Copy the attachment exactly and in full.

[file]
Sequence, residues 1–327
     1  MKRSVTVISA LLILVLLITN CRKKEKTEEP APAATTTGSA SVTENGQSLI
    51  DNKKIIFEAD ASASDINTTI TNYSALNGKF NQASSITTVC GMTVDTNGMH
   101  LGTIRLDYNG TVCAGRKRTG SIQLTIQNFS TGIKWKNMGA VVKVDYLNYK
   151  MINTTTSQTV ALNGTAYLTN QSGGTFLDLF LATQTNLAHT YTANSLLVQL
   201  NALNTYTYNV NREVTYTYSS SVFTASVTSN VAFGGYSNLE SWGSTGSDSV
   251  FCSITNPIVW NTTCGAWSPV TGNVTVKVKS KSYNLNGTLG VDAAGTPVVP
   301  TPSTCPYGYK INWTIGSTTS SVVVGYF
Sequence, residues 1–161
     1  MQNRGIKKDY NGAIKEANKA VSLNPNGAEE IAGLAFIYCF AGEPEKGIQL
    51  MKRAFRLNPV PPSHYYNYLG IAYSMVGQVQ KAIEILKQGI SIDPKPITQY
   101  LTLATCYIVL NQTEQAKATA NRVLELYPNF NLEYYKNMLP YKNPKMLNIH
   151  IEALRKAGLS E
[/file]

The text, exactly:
Sequence, residues 1–327
     1  MKRSVTVISA LLILVLLITN CRKKEKTEEP APAATTTGSA SVTENGQSLI
    51  DNKKIIFEAD ASASDINTTI TNYSALNGKF NQASSITTVC GMTVDTNGMH
   101  LGTIRLDYNG TVCAGRKRTG SIQLTIQNFS TGIKWKNMGA VVKVDYLNYK
   151  MINTTTSQTV ALNGTAYLTN QSGGTFLDLF LATQTNLAHT YTANSLLVQL
   201  NALNTYTYNV NREVTYTYSS SVFTASVTSN VAFGGYSNLE SWGSTGSDSV
   251  FCSITNPIVW NTTCGAWSPV TGNVTVKVKS KSYNLNGTLG VDAAGTPVVP
   301  TPSTCPYGYK INWTIGSTTS SVVVGYF
Sequence, residues 1–161
     1  MQNRGIKKDY NGAIKEANKA VSLNPNGAEE IAGLAFIYCF AGEPEKGIQL
    51  MKRAFRLNPV PPSHYYNYLG IAYSMVGQVQ KAIEILKQGI SIDPKPITQY
   101  LTLATCYIVL NQTEQAKATA NRVLELYPNF NLEYYKNMLP YKNPKMLNIH
   151  IEALRKAGLS E